Mayor Fischer extends state of emergency to May 10, closes Metro Parks playgrounds and ballfields
Mayor Greg Fischer today extended to May 10 the state of emergency he enacted to help stop the COVID-19 outbreak in Louisville.
The Mayor said the next few weeks will be critical as Louisville works to slow the spread of the virus and prevent a surge of new cases from overwhelming the city’s hospitals. The move is in line with recommendations issued by the federal Centers for Disease Control.
“Things are changing rapidly,” Mayor Fischer said. “We have to slow the spread of COVID-19, and working together, practicing good social distancing, we have the power to do that.”
The Mayor’s original executive order, signed March 13, cancelled all Metro hosted or sponsored events. The new order extends that into early May and includes new restrictions, including the closure of playgrounds, ballfields, and soccer fields in the city’s 120 parks.
“I didn’t want to have to close public areas in our park and was hoping this wouldn’t be necessary,” the Mayor said. “But too many people have shown they have yet to grasp the serious nature of this threat and were gathering in crowds in our parks and ignoring social distancing.”
The parks will remain open to walkers, runners, and cyclists, and golfers can still play on the city’s 10 municipal courses, with some restrictions. The Mayor’ ordered that portable toilets in the parks be closed and removed. But crews will continue to clean the permanent restrooms that are open, pick up trash, and mow the grass. The campground at Jefferson Memorial Forest will also be closed. All dog parks where dogs are normally permitted to roam free without a lease are closed, but dogs on leashes are still permitted where allowed.
In his remarks today, Mayor Fischer commended all the Louisvillians who have been making sacrifices to avert a surge of COVID-19 cases that would overwhelm our healthcare system.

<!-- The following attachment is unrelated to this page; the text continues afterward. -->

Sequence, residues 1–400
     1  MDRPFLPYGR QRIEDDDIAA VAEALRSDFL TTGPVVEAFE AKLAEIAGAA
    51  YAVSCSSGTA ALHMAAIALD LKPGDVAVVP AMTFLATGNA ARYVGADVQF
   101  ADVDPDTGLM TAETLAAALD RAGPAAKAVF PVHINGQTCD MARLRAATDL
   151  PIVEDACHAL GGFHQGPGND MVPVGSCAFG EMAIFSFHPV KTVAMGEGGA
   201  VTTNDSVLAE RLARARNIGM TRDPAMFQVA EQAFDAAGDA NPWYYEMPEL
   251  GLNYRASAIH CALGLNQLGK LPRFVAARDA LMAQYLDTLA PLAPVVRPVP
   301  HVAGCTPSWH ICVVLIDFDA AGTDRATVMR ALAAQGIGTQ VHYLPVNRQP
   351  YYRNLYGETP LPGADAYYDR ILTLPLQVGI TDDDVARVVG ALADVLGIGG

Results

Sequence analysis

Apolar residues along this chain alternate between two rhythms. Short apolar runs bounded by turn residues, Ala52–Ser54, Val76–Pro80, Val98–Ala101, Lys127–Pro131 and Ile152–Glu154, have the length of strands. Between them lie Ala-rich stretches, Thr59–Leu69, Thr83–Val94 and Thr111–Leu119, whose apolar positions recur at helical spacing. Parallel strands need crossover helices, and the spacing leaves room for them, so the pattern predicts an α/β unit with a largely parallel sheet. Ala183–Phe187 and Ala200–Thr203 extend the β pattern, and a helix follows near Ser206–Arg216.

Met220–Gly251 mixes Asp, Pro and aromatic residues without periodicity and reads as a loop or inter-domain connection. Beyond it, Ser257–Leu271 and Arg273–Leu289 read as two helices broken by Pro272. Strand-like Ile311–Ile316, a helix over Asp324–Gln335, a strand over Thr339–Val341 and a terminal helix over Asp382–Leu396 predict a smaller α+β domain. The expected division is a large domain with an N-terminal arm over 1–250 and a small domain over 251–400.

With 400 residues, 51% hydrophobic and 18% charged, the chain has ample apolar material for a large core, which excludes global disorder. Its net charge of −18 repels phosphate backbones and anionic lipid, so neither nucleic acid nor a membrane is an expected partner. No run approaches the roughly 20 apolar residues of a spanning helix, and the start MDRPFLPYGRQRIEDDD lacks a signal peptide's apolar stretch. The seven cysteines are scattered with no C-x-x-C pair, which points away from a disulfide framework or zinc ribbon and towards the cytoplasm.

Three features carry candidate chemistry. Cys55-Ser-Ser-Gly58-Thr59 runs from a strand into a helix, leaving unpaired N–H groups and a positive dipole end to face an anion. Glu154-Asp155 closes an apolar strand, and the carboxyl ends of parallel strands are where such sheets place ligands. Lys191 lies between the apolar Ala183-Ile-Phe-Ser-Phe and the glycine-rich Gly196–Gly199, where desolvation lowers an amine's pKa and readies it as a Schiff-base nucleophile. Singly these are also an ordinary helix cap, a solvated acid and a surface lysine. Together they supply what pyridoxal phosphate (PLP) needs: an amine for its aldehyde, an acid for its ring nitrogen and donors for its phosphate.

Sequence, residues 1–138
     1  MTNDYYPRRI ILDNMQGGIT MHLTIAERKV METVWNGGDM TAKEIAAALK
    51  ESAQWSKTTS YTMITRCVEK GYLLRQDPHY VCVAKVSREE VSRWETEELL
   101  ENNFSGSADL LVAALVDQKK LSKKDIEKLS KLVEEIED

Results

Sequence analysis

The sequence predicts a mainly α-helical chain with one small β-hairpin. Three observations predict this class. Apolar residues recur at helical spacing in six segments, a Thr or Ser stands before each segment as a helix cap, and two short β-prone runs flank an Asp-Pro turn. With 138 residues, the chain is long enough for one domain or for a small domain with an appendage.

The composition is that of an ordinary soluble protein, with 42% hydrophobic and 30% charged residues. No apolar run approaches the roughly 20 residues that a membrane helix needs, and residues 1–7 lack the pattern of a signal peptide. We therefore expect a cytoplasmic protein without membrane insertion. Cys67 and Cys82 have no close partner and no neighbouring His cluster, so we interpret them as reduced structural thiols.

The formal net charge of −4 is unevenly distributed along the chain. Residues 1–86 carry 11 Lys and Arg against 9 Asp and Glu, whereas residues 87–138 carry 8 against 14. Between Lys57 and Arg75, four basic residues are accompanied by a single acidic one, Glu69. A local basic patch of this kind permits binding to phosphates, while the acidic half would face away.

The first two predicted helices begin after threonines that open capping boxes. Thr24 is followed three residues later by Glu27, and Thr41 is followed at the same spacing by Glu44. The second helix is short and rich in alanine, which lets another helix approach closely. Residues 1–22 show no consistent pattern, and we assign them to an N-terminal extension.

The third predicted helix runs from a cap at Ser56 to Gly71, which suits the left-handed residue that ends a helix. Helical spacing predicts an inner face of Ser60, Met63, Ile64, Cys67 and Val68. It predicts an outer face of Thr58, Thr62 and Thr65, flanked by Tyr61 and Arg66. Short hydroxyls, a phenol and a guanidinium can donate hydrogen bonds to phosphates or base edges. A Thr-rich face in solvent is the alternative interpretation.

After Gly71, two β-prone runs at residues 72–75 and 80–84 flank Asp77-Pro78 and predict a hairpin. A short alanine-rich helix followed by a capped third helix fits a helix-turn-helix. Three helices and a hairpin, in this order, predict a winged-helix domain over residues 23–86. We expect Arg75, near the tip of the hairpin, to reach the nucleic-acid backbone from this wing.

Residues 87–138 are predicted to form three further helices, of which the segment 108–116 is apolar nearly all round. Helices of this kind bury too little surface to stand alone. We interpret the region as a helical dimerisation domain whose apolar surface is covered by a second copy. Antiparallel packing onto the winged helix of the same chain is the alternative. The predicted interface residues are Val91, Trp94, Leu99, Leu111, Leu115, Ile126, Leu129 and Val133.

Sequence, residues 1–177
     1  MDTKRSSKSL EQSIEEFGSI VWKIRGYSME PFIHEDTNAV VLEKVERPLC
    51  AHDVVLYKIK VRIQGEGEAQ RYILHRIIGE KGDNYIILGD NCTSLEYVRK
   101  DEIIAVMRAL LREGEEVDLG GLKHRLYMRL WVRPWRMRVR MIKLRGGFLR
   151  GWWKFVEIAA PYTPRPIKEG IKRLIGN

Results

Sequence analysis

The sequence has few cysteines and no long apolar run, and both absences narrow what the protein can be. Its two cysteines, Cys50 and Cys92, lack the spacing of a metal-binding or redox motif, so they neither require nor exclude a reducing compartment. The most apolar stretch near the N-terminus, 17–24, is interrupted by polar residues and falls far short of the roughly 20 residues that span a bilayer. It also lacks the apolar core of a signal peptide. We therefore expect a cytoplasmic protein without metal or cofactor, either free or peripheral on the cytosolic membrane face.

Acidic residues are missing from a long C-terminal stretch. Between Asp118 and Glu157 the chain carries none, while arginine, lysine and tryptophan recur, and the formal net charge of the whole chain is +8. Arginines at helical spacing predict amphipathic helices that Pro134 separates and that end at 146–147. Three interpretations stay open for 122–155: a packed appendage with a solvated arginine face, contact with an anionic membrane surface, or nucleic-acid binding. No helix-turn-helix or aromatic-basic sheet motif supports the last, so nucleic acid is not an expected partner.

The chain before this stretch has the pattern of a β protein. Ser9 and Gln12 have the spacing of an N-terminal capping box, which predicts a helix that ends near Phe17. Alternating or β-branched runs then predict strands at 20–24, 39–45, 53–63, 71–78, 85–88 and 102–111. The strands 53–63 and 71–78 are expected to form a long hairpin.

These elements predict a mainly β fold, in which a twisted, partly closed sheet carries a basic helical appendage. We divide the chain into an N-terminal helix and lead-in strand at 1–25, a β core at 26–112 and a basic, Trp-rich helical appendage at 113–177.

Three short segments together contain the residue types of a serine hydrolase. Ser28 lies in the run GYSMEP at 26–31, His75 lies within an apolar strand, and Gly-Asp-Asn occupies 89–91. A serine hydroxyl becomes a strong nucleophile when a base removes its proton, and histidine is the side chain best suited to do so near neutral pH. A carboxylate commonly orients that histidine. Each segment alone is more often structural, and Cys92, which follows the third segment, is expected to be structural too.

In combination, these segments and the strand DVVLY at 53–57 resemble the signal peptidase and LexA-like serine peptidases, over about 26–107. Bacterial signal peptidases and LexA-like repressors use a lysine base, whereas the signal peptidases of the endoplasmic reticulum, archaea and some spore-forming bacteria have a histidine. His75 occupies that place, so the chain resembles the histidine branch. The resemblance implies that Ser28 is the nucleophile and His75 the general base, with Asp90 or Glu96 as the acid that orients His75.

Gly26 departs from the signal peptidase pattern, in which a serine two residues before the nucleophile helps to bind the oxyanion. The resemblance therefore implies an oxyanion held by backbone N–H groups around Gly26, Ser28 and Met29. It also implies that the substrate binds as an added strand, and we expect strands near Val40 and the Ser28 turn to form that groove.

“Many of us are practicing social distancing, making the sacrifices this moment demands – cancelling plans, postponing parties and weddings and baby showers and reunions,” the Mayor said. “I know it’s hard, and I know it’s disappointing. Everybody is adjusting to this new reality. But it’s also what this moment demands of us.”
Read the order here: https://louisvilleky.gov/sites/default/files/mayors_office/news_images/e...
As part of the extended state of emergency order, Mayor Fischer empowered Louisville Metro Government agencies to assign duties to unionized employees outside their normal areas of work or departments as the city grapples with the COVID-19 outbreak.
The order does not change current rates of pay, benefits, or other rights according to their current Collective Bargaining Agreement and/or Louisville Metro policies.
“I really appreciate our Metro employees,” the Mayor said. “Thank you for this flexibility we now have.”
Helping to ease the impact on businesses
Mayor Fischer also announced measures to help local businesses that are during the disruptions caused by COVID-19.
“COVID-19 is affecting all kinds of businesses in all kinds of ways,” the Mayor said. “And we’re working to help those businesses that are eligible to continue operating.”
For example, for example, Metro Codes and Regulations will extend the expiration date on all Itinerant Vendors, Peddlers, and Solicitors licenses and permits from March 31 to May 31, 2020. Mayor Fischer specifically cited food trucks, which have been helping to fill the gap for many diners with so many restaurants shut down.
“Food trucks can keep operating, as long as people are taking food away and not congregating,” the Mayor said.
Other changes include:
- Aligning Louisville Metro Government policies with the state and extending ABC License renewals to May 31.
- Metro Public Health and Wellness has suspended collections for swimming pool permits until those facilities open.
- The city has suspended late collections and subsequent closures for operating without a permit at food establishments.
Mayor Fischer urged Louisvillians to report non-essential businesses that refuse to shut down during the COVID-19 outbreak. The city has received numerous complaints about restaurants, bars, and salons that are still conducting business as usual.
“Social distancing is one of the most effective ways to slow the spread of this virus, but it won’t work if some of us refuse to do their part,” the Mayor said. “Now is not the time to be selfish.”
Residents who see businesses defying the order to close or curtail their activities can report those violations in several ways:
- State of Kentucky – 1-833-KY-SAFER / 1-833-597-2337 (tollfree)
- City of Louisville – Metro311
- Email: [email protected]
- Twitter: @LouMetro311
- On the web: louisvilleky.gov/tell311
- App: Louisville Metro 311 on Android or iOS
- Phone: 311
Due to an increased volume of phone calls, city officials are asking residents to contact Metro311 via the web if possible. Your complaints will still be addressed, and your questions will be answered.